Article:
My son says the baguette reminds him of the Eiffel Tower, and he is right. Baguettes can be referred to as the Eiffel Tower of bread because of its length and width. There are endless ways of enjoying a baguette bread from numerous regional sandwiches, to toasting or stuffing it with cheese, eggs, or ham, but is baguette gluten free? Here is all you should know.
What is Baguette?
A baguette is a French bread derived from lean dough. It is characterized by its long, thin appearance and crisp crust. The most traditional baguette is white and made with 10% cracked whole wheat grains, or oatmeal, and refined wheat flour.
Baguette is eaten beyond France and is made with a slightly different process in each region. In France, water and yeast are mixed and left overnight to ferment the yeast, then the fermented yeast is added to the other ingredients the next day.
In Vietnam, the baguette is used for Banh Mi, and the ingredients for the Vietnamese baguette are slightly changed, as they include rice flour, adding a touch of Asian culinary culture.
Further, you could see numerous kinds of baguettes, such as the “baguette sesame,” made with sesame seeds, and the “baguette poids de king,” much like a king’s size—very long. You could also find baguettes made with chocolate chips, nuts, corn, and olives.
What is Guten?
Gluten is found in almost everything we consume, from pasta to bread to beer to nutritional supplements to cosmetics. For the average person, there’s lots of buzz and social pressure to avoid gluten, but is it really bad for you? But for individuals with celiac and nonceliac gluten sensitivity, gluten can spell hell sometimes.
Gluten is a storage protein naturally occurring in wheat, rye, barley, and some other grains. It acts as a binding agent for processed foods, and it is the secret behind the chewy texture of bread and other doughs.
The protease enzyme in our body cannot effectively break down gluten, and this undigested gluten finds its way to the small intestine. Most people can handle this undigested gluten, but celiacs will experience an unpleasant autoimmune response, and people with nonceliac gluten sensitivity may still experience symptoms like brain fog, diarrhea, vomiting, and so forth. This is why certain individuals must avoid gluten at all costs.
Texture and Taste Of Baguette
The French baguette has a chewy and smooth texture and large irregular holes in the crumbs. The taste of baguette can be described as yeasty and further enhanced with a nutty and buttery flavor. For baguettes made with sourdough, you should expect a more complex and tangy taste.
Is Baguette Gluten Free?
Unfortunately, traditional French baguette is not gluten-free as it is made with wheat flour, which gives the bread its much-loved chewy texture and structure, making it not safe for individuals with celiac or nonceliac gluten sensitivity to consume.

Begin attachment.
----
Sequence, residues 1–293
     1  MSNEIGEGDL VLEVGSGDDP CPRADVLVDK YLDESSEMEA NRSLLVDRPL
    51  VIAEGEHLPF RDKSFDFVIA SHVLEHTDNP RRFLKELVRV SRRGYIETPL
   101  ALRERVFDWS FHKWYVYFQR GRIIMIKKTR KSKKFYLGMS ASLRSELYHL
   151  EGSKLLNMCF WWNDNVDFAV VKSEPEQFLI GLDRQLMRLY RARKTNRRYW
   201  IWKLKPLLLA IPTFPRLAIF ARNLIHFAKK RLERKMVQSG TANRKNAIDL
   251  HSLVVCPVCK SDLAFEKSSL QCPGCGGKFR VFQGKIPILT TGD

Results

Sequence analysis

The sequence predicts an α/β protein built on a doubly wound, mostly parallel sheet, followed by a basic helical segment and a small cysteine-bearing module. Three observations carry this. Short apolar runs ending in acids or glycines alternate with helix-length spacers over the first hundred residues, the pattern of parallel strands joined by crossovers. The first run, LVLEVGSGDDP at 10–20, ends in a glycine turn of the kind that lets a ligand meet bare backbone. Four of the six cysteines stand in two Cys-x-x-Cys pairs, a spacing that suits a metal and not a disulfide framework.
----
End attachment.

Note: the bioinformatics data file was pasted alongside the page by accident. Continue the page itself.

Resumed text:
However, baguettes can still be made without wheat flour without losing much of their texture or flavor. I usually use sorghum flour in addition to rice flour and a little guar guar or potato starch to still achieve that chewy texture.
Among all the gluten-free flours, sorghum flour has the closest taste to wheat flour, which is why I love using it alongside other flours to prepare gluten-free meals like the breaded General Tso Chicken.
Unfortunately, the baguette is one of those products where you may not find a gluten-free version in stores or restaurants, so you have to make them yourself—it is not hard. I will be leaving a recipe in the later part of this article for you.
Is Baguette Healthy?
Baguettes, like other baked foods, are not too bad for you if eaten in controlled portions. They have lots of sodium, which is not good for you, and carbs, which could mess with your waistline.
A typical 324-gram French baguette has over 880 calories, 8 grams of fat, 35 grams of protein, and 168 grams of carbohydrates. While the fat is impressively low and the protein is high, baguettes have a high sugar content.
However, baguette can be incorporated into your diet goals as it is made with whole grains, which could keep you full for extended periods, eliminating the urge to indulge in junk food.
Baguettes made with sourdough are healthier than regular baguettes derived from yeast and refined flour. Sourdough bread makes use of wild yeast starter, which usually has a slower fermentation process that ensures nutrients and antioxidants are not lost. Also, sourdough bread contains probiotics, making it great for gut health.
Gluten-Free Baguette Flour Alternatives
Making a gluten-free baguette can be quite challenging at times, but it usually becomes pretty easy on the second attempt (speaking from experience). Here are the flours I have experimented with:
- Tapioca starch: These starches are extracted from cassava roots; they could fill in the boots of gluten. They contribute that chewy texture and can be used alongside other flours.
- Millet Four: The millet flour is a product of small-seeded grass and adds a nutty, mild flavor to your bread. It is rich in nutrients and can contribute to some structure and chewy texture.
- Sorghum Flour: This is my favorite gluten-free flour; I use it alongside other gluten-free flours, and that is for a good reason too. It has a sweet and earthy flavor and tastes the closest to wheat flour. It adds moisture and makes the bead soft. When used alongside tapioca starch, you may end up creating a stunner of a gluten-free baguette.
Baguettes are the lifeblood of numerous sandwiches, but they are not gluten-free, and that shouldn’t spoil the fun. Baguettes can be made with gluten-free flour with just a little tweak here and there, and similar awesome results can be achieved.
Do you have any suggestions? Let us know your thoughts!